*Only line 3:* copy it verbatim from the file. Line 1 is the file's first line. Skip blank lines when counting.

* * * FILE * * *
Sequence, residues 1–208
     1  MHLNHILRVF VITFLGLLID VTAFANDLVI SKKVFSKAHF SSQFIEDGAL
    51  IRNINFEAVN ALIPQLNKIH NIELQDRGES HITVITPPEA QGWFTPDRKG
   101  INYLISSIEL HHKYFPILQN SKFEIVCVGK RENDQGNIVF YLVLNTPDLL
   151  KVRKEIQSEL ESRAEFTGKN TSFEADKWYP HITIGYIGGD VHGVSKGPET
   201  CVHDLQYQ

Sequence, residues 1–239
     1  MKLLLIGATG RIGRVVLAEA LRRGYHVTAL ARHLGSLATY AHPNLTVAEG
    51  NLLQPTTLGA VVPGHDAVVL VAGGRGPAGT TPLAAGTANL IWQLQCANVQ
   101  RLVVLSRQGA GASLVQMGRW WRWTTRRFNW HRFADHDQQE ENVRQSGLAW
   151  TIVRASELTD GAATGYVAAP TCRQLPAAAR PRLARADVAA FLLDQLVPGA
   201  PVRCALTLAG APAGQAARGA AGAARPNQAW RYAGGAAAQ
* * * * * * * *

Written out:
    51  IRNINFEAVN ALIPQLNKIH NIELQDRGES HITVITPPEA QGWFTPDRKG